November 16 The right side fix is in, maybe

After two days of miserable, filthy toil in high velocity Santa Ana winds, we believe we have finished the repairs to our trailer. There was considerable damage to the underside of our fifth wheel trailer from two tire tread separations; one low-speed variety near San Antonio, Texas, last February and a high-speed rip & shred east of Salt Lake City on I-80. The Texas version clobbered the rear electric jacks, some flimsy aluminum body parts, the left side tandem wheel fender, an alloy wheel, the living room slide-out lighting electrical power and some weather stripping designed to keep water from the wheels from the inside when traveling on wet roads. The right side catastrophe likewise dinged up some body panels, rearranged the right side fender profile into junk parts, stripped out the under-trailer waterproofing and ripped out some floor insulation. Little did we know that the right side waterproofing and insulation repair would be the worst task we encountered.
We started the right side repairs by purchasing a polyisocyanurate foam board, a length of peel-n-stick waterproofing window flashing, some steel strapping material, some wood cleat stock and a wide assortment of screws and washers. Then we climbed under the trailer to start the work. To make things interesting, there were Santa Ana winds gusting to about 40 mph for both days required to complete the repair and we finished each day exhausted, gritty and quite filthy from our worming around on the ground under our home while being sandblasted. Our repair was certainly better than the cheesy work installed at the factory but the location under the trailer but above the tandem wheels made for some interesting contortionist moves to get repair parts installed. Exotic cuts in the rigid repair materials were required to slip over flanges and around water piping that needed to be inside the insulation envelope. We were able to work together although the challenges almost forced the eruption of harsh language. There was considerable grunting, moaning, swearing and lacerations required to complete the work.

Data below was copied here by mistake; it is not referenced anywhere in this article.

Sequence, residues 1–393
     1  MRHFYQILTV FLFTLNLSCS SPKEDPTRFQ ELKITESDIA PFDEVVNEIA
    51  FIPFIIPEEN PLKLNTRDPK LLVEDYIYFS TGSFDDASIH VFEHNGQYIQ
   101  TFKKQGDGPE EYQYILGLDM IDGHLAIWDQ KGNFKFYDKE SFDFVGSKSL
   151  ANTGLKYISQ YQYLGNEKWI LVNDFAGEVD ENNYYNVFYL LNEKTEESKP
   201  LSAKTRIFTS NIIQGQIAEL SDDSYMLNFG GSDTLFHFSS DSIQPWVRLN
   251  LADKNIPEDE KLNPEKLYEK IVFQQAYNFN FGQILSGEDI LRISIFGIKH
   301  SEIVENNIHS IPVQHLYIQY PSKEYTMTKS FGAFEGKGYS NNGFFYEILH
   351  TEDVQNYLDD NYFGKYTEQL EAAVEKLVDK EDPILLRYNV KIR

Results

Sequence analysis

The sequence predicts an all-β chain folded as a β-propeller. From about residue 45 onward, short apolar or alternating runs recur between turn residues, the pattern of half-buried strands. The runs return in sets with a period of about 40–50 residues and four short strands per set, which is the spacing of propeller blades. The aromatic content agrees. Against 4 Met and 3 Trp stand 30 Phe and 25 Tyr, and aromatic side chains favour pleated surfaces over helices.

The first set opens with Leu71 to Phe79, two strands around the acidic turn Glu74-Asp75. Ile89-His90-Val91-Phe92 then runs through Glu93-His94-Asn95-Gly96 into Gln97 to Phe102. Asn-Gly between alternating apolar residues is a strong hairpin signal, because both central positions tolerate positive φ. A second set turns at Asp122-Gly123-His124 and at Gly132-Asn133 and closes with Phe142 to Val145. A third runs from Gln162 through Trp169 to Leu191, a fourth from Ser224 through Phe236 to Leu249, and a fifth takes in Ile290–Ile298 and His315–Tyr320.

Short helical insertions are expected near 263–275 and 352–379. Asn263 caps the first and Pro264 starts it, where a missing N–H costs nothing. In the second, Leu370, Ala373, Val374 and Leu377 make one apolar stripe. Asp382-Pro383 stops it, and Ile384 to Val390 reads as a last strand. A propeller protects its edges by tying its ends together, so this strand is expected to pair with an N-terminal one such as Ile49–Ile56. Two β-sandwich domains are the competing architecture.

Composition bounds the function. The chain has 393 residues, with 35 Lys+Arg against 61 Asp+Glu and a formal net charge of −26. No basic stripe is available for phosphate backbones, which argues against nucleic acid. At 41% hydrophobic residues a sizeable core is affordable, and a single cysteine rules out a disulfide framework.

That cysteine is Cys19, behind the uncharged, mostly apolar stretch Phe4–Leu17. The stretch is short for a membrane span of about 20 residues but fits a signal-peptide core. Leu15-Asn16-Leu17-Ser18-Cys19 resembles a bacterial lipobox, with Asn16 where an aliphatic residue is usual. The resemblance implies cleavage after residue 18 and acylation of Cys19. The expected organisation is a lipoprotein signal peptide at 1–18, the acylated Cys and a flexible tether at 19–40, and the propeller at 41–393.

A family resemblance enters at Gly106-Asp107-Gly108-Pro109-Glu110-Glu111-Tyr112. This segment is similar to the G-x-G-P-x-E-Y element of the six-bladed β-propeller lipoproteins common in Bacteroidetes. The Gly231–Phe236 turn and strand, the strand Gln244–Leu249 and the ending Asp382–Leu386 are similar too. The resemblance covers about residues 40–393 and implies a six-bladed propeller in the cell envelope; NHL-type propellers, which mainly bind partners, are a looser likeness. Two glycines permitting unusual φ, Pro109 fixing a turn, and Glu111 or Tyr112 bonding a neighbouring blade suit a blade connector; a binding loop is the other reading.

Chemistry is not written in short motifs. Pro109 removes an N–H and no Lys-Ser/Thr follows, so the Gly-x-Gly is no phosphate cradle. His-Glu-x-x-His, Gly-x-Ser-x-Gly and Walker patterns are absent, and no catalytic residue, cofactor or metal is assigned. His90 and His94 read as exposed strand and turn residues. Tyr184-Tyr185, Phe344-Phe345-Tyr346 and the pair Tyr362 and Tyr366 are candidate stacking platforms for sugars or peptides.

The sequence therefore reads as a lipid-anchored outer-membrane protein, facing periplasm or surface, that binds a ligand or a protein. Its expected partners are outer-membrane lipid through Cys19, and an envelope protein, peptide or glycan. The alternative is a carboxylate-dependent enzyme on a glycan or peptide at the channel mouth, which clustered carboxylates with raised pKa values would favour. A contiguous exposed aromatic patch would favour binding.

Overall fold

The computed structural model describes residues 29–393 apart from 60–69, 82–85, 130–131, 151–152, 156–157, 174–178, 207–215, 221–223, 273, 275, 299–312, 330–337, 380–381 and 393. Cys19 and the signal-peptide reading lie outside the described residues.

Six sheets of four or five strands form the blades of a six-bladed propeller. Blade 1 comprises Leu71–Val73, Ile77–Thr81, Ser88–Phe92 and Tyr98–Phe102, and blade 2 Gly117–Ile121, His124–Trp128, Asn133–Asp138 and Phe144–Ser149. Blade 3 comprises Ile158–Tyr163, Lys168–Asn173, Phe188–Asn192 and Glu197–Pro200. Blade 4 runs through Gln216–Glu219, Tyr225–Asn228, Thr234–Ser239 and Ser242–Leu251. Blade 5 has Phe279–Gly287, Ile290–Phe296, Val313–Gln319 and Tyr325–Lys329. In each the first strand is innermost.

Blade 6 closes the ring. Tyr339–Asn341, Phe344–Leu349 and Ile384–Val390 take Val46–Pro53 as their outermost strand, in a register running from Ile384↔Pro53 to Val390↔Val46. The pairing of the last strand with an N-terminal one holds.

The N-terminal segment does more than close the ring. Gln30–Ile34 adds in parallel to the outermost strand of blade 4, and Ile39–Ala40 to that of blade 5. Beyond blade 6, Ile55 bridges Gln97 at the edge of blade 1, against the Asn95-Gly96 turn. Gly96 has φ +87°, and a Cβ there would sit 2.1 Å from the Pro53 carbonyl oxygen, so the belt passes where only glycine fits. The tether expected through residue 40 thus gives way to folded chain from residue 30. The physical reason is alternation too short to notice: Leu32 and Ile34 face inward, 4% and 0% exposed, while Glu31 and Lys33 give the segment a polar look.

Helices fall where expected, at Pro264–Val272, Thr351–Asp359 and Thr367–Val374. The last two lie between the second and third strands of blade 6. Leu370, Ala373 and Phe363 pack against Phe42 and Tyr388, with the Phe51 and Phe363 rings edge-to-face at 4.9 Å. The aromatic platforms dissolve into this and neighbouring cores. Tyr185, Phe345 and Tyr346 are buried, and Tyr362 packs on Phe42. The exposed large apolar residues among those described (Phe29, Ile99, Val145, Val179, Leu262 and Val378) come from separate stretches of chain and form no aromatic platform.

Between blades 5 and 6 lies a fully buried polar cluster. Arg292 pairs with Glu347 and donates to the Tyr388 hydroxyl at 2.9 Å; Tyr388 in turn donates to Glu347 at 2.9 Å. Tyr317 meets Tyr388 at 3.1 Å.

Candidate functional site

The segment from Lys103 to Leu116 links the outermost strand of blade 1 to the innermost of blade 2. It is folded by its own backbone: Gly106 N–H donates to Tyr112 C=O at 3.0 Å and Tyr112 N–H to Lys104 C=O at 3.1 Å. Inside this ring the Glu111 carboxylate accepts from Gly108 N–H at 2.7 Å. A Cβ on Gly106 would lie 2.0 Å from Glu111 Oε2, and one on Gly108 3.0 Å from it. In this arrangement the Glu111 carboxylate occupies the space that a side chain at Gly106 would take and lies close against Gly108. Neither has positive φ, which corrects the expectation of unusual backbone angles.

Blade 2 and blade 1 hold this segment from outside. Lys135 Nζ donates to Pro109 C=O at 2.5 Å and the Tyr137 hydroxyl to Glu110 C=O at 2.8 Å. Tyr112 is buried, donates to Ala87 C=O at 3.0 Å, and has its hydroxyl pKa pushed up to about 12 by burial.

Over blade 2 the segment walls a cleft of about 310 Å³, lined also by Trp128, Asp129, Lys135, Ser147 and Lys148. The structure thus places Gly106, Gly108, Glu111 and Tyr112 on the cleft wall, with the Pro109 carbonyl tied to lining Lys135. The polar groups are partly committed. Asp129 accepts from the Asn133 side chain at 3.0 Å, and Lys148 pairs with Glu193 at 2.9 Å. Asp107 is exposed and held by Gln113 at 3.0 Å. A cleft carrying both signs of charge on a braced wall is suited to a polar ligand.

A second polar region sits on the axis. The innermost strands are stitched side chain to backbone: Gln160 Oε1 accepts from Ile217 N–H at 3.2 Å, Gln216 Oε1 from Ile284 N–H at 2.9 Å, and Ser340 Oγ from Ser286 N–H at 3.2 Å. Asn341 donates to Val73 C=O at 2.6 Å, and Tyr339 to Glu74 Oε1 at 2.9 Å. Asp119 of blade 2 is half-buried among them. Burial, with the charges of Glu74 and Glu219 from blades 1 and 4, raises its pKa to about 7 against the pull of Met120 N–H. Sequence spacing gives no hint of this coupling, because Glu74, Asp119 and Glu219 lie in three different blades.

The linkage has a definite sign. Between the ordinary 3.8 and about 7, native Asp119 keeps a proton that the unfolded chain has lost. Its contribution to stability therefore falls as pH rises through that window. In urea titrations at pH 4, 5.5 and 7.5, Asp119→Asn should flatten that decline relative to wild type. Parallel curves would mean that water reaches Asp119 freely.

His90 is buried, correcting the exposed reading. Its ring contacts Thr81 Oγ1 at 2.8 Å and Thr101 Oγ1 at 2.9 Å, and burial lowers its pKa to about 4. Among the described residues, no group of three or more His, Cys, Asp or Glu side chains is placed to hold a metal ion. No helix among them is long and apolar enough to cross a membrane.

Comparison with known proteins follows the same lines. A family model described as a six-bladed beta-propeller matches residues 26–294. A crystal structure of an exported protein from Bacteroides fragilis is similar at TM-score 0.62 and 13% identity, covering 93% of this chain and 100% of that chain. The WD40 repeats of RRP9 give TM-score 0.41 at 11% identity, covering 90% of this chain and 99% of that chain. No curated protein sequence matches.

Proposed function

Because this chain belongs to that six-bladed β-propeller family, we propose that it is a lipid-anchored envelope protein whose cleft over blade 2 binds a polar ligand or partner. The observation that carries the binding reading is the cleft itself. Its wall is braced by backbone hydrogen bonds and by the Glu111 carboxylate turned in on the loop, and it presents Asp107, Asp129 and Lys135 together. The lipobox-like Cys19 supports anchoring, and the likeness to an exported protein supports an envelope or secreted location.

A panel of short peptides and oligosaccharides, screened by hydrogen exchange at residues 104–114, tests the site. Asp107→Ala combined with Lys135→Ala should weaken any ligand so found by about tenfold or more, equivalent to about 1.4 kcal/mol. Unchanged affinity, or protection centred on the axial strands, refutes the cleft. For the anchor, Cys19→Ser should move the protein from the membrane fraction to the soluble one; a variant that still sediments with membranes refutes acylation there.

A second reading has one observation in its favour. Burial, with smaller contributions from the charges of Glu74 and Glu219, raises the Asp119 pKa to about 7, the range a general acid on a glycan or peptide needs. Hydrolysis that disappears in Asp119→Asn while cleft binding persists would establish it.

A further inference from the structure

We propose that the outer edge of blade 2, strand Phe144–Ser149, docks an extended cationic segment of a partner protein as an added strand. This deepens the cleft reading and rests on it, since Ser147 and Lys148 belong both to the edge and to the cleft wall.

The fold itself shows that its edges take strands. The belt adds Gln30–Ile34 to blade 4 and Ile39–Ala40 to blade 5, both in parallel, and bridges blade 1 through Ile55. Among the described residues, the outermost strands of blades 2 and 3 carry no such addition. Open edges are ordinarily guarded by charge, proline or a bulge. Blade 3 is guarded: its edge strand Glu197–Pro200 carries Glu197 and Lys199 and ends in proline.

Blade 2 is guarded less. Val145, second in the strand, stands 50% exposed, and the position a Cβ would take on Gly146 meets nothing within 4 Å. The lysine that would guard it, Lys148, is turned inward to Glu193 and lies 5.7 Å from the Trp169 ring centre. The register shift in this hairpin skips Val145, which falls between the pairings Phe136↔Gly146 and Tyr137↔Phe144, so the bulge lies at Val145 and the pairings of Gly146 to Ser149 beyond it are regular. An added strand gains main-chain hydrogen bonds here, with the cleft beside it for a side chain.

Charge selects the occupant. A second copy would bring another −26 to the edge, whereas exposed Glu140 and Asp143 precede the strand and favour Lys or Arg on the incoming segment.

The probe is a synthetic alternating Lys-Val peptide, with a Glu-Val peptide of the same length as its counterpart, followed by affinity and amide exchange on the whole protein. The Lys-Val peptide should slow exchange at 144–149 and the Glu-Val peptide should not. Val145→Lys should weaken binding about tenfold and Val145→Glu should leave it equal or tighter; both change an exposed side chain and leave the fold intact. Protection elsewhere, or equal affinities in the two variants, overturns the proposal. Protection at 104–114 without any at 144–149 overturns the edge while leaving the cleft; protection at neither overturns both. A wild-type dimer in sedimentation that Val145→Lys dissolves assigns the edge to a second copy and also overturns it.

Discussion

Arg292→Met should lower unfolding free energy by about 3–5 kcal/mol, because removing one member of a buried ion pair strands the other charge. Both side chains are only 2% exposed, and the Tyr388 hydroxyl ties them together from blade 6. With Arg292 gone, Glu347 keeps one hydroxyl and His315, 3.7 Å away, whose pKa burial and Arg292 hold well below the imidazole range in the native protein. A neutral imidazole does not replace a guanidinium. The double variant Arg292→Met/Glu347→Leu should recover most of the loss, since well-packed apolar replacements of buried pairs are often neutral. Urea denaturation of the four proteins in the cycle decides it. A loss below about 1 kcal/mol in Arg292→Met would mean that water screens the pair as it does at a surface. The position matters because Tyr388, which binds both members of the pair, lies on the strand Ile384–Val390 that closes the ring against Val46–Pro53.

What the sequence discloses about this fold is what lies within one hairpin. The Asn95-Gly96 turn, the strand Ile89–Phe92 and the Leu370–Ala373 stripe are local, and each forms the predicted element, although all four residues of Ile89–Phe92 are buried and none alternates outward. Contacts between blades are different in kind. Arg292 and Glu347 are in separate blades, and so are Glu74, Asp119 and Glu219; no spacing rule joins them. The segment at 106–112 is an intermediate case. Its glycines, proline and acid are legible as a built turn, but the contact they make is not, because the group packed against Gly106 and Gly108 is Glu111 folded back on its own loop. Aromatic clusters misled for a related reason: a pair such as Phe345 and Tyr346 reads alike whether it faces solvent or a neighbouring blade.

However, we are now finished with the major repairs to damage incurred during this year’s journey. I am almost at a loss as to what to do now but I promptly spotted my vaporizer and bottle of Jack Daniel’s which will help me get through the lull. We can now go back to our old to-do list of peeling the ugly decals from the exterior trailer walls, scraping colorful dead bug carcasses from the front of the trailer and fooling around. We are both glad the major repairs have been completed.

November 6 Left side fun is over

Today we climbed under the left side trailer wheelwell and slideout and repaired the electrical wiring destroyed by our tire tread separation back in the spring of 2018. I anticipated a complete nightmare while exposing the wiring harness, finding the wiring break and repairing it. As usual, I was incorrect.
Exposing the wiring was a pain in the butt and finding a comfortable place to recline on the sharp and jagged stones was fruitless but, surprisingly, we found the broken wiring and replaced it with a non-OEM wiring assembly. We used a coiled, heavy-duty 10′ tool extension cord which I cut the regular plugs off of and wired the bare ends into the remaining wiring harness ends. Surprisingly, it worked perfectly. We are quite amazed but very bruised due to the funky location we were obliged to use for our feeble efforts. Peggy bruises more than I do so she now appears almost speckled with purple dots which I can spot when leering at her nakedness.